By Jay Fidell
It’s nice to hear that the Legislature is testing a pilot project to allow people on the neighbor islands to testify on bills by way of video conferencing. Civil Beat says the project deserves “championing,” but actually it seems rather like a no-brainer that we should have done years ago.
After all, this technology has been mature, inexpensive and readily available for some time. What’s held us up all this time? More than other states, there is a burdensome air travel barrier between the islands, so video conferencing is natural, if not a requirement, for doing government business in Hawaii.
Why didn’t we think of it sooner? DBEDT tried it in the early Lingle-Liu days (actually it was installed by the Cayetano administration) as a way for DBEDT to communicate with other islands, but the Lingle administration didn’t put any energy or money into it and it quickly fell into disuse. Too bad, it could have been great, even then.
One thing was obvious. There are a number of boards and commissions that meet inter-island. That means their members and staff have to travel among the islands every month, or whatever the interval, at a huge airfare cost to the taxpayers. Do the math – half a dozen or more people traveling every month at nearly $300 a pop - an incredible waste. To say nothing of the time they all spend in the air.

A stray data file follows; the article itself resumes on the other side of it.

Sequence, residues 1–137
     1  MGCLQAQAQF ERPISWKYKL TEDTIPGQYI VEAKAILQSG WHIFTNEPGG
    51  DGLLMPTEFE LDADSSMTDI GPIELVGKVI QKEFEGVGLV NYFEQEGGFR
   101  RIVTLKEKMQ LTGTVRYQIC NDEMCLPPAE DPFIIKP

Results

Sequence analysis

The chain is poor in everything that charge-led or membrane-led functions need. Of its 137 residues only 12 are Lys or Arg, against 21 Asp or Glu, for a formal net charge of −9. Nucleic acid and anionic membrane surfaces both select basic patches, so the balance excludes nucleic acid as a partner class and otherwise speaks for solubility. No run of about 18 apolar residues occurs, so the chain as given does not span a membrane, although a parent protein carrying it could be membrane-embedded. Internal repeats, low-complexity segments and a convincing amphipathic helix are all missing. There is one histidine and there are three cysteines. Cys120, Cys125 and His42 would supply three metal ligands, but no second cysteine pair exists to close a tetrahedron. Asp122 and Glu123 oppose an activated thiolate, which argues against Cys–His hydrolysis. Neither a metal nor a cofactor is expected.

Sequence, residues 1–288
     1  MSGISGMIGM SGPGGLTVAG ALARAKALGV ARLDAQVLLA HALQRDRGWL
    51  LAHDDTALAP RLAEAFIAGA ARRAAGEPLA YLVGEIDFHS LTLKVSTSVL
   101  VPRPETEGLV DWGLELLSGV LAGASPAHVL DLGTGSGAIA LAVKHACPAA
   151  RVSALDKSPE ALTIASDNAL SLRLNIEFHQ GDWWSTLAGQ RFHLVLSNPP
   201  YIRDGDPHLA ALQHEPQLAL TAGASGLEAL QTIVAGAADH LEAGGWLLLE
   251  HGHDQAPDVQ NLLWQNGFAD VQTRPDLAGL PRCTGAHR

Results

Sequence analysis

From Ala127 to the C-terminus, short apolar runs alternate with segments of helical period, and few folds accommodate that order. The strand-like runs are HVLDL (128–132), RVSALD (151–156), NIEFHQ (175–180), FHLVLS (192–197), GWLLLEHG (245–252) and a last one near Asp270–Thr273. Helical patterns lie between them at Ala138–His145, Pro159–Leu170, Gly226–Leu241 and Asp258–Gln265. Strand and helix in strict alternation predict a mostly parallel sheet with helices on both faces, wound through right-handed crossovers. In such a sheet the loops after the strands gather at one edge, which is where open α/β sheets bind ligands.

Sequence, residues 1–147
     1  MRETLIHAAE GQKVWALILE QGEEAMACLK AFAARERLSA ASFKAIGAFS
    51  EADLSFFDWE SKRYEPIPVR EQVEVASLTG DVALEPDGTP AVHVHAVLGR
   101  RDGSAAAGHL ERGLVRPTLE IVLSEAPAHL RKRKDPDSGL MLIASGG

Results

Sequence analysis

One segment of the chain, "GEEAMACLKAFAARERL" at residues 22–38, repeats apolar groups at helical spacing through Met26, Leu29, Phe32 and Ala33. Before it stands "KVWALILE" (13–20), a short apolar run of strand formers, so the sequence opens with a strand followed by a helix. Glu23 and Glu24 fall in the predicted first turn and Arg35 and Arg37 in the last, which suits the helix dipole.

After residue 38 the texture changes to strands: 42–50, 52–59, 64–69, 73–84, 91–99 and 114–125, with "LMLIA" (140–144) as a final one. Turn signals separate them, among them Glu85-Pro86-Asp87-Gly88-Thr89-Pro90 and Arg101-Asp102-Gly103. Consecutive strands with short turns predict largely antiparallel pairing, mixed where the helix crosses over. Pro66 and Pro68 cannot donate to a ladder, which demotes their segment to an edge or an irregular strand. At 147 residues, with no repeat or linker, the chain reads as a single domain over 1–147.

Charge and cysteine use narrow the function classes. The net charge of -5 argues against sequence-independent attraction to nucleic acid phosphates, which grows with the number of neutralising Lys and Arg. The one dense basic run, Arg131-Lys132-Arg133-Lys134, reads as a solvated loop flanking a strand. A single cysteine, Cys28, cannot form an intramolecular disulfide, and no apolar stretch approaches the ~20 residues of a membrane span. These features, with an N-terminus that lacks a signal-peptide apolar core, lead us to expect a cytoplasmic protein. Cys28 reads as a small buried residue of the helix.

Do we really need to spend that much when we have Skype, iChat, Google, or any number of other commercial systems to help us connect? Even after all this time, we do not avail ourselves of any of these fabulous technologies, and the barriers, costs and delays of travel and a misinterpreted sunshine law continue to undermine any possibility of efficiency.
So we are left with two thoughts: first, in the day of Neil Abercrombie’s new technology initiative, this is low hanging fruit, so why is it a “pilot,” and why do have to “evaluate” it – we should just sail into it right away, like immediately; second, why don’t we adopt it for boards and commissions to avoid the costs of flying people around when they could meet from their desks and smartphones.
In fact, why don’t we use this for all government interisland communications? Industry has been doing that for years, it’s time for our governments, both state and county, to catch up. Let’s just do it.